During dental treatment, dentists often come across situations where there is insufficient density or quantity of jaw bone to firmly hold a natural tooth or to support an implant-supported prosthesis. At Lifeworks Dental, we use a bone graft procedure to restore the quality and quantity of the damaged jaw bones.
What is Bone Grafting?
Bone grafting is a surgical procedure in which a natural or an artificial bone is transplanted into a bony defect, to restore and rebuild damaged jaw bones. The main idea behind a bone graft procedure is to make the damaged jawbones strong enough to support removable dentures or an implant-supported prosthesis.
Who can benefit from Bone Grafting?
At Lifeworks Dental, our dentists Dr. Kini Tran and Dr. Kim Nguyen choose to perform a bone grafting procedure whenever a bone loss is observed around the jaw bones. Situations which may require bone grafting may include.
Tooth Loss –as soon as a tooth is lost, either due to a long-standing infection or trauma, bone loss immediately starts in the vicinity of the lost tooth. If the missing tooth is not replaced in time, the bone loss may become so severe that a bone graft has to be applied in order to restore the density and quantity of the remaining jaw bone.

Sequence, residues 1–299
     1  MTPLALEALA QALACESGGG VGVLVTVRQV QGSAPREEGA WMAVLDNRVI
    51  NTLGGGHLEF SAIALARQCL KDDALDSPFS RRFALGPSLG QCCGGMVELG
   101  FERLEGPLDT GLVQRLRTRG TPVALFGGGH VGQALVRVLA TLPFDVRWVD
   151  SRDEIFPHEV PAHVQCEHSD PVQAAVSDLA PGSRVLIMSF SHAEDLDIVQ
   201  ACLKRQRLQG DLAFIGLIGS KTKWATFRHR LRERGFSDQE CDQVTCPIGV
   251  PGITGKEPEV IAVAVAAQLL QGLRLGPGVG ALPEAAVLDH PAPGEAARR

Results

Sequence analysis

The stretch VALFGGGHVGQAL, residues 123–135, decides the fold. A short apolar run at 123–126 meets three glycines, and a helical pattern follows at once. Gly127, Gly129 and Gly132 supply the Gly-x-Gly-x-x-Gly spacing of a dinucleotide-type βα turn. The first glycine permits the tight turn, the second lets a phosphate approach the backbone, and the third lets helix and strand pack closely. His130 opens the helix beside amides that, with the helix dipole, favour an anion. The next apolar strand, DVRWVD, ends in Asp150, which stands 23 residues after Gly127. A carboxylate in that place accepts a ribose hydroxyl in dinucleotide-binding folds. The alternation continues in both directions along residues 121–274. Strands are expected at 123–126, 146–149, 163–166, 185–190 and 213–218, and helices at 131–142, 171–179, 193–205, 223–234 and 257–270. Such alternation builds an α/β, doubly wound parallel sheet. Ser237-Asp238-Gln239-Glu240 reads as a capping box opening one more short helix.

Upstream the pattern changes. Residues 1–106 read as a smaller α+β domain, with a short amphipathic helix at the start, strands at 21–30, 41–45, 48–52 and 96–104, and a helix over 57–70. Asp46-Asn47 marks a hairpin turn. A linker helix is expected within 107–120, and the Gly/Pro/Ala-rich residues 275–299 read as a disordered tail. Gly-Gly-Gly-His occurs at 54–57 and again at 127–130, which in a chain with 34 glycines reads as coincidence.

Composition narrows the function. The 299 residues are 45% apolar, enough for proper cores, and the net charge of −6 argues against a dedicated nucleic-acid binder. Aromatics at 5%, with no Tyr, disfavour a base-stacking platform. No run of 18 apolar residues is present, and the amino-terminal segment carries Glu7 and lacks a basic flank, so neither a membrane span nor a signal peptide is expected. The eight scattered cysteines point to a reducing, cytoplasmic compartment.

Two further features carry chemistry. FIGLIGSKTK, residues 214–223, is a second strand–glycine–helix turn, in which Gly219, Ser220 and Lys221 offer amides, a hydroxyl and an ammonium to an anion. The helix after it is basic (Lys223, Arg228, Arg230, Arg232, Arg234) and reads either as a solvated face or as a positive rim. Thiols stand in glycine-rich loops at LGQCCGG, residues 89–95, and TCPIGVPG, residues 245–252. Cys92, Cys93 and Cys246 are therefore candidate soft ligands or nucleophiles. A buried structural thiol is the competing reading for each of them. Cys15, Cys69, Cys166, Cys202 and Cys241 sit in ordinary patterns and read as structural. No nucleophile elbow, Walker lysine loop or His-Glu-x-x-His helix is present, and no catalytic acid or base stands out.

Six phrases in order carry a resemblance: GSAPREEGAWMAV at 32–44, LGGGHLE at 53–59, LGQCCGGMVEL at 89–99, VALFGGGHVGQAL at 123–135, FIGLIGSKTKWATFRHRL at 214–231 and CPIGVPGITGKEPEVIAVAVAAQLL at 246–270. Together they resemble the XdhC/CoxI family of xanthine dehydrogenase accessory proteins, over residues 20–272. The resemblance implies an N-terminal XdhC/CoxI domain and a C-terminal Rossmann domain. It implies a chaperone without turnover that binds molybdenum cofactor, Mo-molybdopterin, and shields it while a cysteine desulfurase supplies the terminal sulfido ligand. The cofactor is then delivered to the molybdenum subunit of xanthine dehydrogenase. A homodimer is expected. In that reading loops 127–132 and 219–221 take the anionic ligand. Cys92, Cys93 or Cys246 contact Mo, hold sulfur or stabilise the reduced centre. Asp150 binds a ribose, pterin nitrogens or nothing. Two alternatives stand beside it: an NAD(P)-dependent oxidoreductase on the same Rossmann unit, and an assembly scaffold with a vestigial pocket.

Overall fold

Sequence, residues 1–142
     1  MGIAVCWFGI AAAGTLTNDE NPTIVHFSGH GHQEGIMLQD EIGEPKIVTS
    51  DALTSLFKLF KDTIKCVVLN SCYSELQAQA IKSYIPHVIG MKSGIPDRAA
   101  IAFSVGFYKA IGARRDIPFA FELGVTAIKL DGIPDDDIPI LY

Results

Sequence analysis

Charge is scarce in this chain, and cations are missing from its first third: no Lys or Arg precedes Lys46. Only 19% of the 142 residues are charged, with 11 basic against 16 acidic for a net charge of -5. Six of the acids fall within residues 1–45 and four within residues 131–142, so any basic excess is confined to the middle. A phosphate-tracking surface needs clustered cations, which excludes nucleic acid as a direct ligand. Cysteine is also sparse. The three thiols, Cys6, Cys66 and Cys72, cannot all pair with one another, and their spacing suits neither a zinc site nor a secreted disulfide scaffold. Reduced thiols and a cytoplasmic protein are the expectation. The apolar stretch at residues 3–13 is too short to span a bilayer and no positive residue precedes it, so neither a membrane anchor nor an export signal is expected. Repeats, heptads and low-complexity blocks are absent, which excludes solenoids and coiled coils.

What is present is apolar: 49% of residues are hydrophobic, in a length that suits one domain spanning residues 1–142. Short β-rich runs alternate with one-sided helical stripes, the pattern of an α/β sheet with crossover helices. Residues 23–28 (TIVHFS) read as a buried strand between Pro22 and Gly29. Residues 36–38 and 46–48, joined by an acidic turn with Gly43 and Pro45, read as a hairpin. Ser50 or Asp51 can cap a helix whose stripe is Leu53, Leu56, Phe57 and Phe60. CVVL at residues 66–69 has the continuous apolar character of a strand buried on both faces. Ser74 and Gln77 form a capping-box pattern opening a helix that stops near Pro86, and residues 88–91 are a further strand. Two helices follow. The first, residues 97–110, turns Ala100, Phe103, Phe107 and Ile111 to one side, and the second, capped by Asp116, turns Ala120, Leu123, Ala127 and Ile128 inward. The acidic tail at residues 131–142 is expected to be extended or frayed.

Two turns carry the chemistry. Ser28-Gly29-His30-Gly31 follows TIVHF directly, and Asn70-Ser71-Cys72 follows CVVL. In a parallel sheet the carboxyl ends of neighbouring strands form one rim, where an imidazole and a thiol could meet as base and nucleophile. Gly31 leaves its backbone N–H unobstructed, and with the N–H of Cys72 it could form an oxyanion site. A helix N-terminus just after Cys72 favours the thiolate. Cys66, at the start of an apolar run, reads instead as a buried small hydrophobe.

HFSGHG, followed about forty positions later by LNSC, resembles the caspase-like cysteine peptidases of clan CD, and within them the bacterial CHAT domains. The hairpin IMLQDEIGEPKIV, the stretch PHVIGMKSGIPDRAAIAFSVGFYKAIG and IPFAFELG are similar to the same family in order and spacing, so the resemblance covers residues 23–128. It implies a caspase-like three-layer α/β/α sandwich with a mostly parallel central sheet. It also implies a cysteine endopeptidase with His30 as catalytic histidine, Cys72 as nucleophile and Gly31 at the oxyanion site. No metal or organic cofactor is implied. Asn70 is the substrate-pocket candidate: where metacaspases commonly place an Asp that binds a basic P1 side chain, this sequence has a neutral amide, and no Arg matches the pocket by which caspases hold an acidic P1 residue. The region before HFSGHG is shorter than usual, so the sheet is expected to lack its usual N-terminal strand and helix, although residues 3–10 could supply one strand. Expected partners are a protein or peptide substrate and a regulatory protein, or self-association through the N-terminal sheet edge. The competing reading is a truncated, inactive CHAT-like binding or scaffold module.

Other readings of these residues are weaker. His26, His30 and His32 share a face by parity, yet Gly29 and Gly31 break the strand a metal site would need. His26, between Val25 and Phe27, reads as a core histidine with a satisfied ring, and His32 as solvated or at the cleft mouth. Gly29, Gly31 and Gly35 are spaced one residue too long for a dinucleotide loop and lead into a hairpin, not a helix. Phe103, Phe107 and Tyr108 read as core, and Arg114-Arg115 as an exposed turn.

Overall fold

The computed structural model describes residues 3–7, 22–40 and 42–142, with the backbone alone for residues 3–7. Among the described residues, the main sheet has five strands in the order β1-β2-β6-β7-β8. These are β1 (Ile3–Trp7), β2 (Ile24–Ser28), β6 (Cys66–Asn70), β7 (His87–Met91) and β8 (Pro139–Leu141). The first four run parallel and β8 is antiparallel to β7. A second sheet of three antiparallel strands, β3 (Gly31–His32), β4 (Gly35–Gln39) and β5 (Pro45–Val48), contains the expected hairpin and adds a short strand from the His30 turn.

Trauma – bone grafting may also be required in cases where a significant quantity of jaw bone has been lost as a result of a trauma to the face. In such case, bone grafting is not only necessary for replacing teeth, but also for restoring the facial esthetics and symmetry.
Infection – long-standing gum or periodontal infections result in an accelerated destruction of the bones. As a result, the jaw bones weak, and the natural teeth anchored inside them become loose. If the situation is not corrected timely, the teeth ultimately fall off.
Age Changes – with advancement in age, remodeling of the jaw bone takes place which results in significantly decreased density and volume of the bone. In such cases, it usually becomes difficult to replace missing teeth as there is insufficient bone available. Therefore, bone grafting needs to be performed.
What are Different Types of Bone Grafts Available?
Broadly speaking, there are two different types of bone grafts used in dentistry; natural and synthetic.
Natural Bone Grafts – these bone grafts are obtained from natural sources. Natural bone grafts can either be taken from the same individual (autograft), or another human being (allograft) or other species (xenograft). Natural bone grafts which are not taken from the same individuals carry the risk of rejection by the host.
Synthetic Bone Grafts – these grafts are synthetically prepared e.g. polymers and ceramics. The properties of these grafts can be easily modified to match the requirements of the host tissue. In addition, these grafts possess the minimal risk of allergic reactions or tissue rejection.
What to Expect During a Bone Grafting Procedure?
Bone grafting is a surgical procedure, therefore it is performed under the effect of anesthesia.